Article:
MAKING ENERGY WORK: WHAT’S THE FUTURE OF ENERGY IN NORTH CAROLINA?
From North Carolina’s role in pioneering smart grid technology through a dramatic growth in utility scale solar power to a rapid proliferation of electric vehicle infrastructure – there are dramatic changes going on in how energy is produced and consumed in North Carolina. These changes reflect trends that are happening across the Globe, but how they play out in our region will depend on a broad range of factors from the legislative to the economic to the technological.
Lowell Sachs, Communication Director at NC Sustainable Energy Association, believes these trends will only accelerate. As his organization prepares for its annual conference, Making Energy Work (November 5th and 6th at the Raleigh Convention Center), he argues that we would all do well to understand the dramatic changes that are coming:
“Apple just installed a 20MW solar array in Maiden. Duke Energy is offering clean energy to large commercial customers. Clean energy investment has become an increasing boon to rural communities and local businesses. And we’ve been listed among the top states for installed solar in the last couple of quarters. These trends are not going away – and there’s every reason to believe they will accelerate. There’s still a lot of uncertainty, however, as to what exactly the future of energy in North Carolina will look like. And that’s what the conversations at Making Energy Work will be all about.”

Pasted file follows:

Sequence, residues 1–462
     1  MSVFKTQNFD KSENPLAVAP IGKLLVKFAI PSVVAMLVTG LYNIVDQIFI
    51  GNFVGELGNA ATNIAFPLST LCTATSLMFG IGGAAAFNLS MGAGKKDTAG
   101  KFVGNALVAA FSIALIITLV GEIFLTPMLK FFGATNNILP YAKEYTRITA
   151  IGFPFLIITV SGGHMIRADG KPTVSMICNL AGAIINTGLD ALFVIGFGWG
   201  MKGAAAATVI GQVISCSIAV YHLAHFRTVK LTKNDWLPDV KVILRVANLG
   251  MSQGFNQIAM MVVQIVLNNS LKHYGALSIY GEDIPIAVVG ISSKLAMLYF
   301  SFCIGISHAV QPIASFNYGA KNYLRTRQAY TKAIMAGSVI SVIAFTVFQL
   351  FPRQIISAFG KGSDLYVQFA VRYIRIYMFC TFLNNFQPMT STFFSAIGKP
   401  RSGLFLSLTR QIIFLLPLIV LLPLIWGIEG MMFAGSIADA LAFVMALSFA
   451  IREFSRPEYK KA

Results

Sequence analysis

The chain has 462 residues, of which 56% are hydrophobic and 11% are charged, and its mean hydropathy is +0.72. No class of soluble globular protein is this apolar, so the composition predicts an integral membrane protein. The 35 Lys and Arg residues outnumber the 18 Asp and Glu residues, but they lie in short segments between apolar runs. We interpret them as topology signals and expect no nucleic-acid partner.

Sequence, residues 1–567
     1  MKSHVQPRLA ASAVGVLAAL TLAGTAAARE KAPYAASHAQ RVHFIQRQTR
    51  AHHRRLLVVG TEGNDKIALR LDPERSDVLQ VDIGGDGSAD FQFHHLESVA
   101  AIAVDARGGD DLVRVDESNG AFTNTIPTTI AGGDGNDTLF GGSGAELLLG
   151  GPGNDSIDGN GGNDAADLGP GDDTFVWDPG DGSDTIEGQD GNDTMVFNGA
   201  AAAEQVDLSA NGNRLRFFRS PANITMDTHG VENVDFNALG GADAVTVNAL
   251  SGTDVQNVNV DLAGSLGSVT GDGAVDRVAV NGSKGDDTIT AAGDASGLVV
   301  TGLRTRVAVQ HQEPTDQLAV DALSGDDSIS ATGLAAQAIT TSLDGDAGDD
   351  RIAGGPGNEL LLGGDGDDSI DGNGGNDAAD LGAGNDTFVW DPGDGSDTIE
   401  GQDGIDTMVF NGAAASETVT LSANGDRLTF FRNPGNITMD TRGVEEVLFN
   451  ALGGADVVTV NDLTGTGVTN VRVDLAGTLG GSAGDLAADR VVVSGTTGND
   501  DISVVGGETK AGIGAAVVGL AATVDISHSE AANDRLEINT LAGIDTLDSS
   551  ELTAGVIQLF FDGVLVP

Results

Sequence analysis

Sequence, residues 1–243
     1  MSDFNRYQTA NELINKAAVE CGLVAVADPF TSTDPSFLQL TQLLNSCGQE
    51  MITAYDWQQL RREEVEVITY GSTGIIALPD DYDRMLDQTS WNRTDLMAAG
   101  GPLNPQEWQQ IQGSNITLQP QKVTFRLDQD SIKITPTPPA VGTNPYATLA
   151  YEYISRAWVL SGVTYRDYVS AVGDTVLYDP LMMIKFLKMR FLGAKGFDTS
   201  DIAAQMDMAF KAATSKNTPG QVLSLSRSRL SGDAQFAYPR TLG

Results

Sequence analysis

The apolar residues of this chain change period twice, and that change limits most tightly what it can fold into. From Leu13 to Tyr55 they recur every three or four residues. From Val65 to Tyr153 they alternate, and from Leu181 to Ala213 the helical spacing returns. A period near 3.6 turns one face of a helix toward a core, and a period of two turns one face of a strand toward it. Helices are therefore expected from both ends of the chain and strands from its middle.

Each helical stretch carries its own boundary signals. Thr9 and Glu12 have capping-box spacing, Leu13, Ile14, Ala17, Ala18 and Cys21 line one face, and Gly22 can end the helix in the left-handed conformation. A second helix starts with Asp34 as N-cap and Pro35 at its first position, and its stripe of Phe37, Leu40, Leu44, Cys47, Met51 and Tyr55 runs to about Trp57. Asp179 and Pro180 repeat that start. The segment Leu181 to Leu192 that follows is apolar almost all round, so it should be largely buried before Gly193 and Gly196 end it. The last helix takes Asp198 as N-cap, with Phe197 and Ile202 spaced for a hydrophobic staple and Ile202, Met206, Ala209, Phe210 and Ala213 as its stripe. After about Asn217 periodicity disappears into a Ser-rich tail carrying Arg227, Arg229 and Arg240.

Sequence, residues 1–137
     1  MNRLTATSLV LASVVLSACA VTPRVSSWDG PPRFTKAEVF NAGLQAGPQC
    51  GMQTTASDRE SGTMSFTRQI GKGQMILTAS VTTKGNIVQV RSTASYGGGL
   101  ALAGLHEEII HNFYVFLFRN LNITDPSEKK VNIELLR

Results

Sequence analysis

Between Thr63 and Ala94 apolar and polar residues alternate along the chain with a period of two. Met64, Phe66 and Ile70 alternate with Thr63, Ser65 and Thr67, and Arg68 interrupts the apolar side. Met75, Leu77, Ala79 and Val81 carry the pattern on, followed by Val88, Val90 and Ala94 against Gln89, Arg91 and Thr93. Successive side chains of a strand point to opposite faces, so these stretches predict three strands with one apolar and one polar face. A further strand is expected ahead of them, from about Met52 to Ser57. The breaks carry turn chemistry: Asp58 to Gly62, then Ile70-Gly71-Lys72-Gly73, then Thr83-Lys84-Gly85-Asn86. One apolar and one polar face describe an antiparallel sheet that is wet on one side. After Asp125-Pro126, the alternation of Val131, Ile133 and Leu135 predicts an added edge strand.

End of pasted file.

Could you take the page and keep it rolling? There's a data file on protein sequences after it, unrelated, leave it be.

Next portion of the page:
Over 500 attendees are expected at the Making Energy Work conference, including representatives of utilities and independent power producers, business people, legislators, academics and investors. Topics on the program include sessions on legislation, technology research & development, evolving business models for energy companies, smart grids, plug-in electric vehicle integration, financing and global trends in the clean energy sector.
Sachs points to a recent report from the Edison Institute, which argues that the combination of distributed, intermittent sources of power and the increasing availability of energy storage represent a fundamental, potentially existential, threat to the traditional utility business model. Rather than circling the wagons, however, Lowell suggests that it is time for all players to embrace innovation:
“You can try swimming against the tide, or you can ride the wave. The integration of clean energy into our society and economy here in North Carolina can be an evolution toward greater affordability, innovation and resilience to the benefit of all. But we have to play our cards right, and that means grappling with some complex questions. No single stakeholder is going to have all the answers, but there has been enough positive development in recent years that we can already see some promising trends.”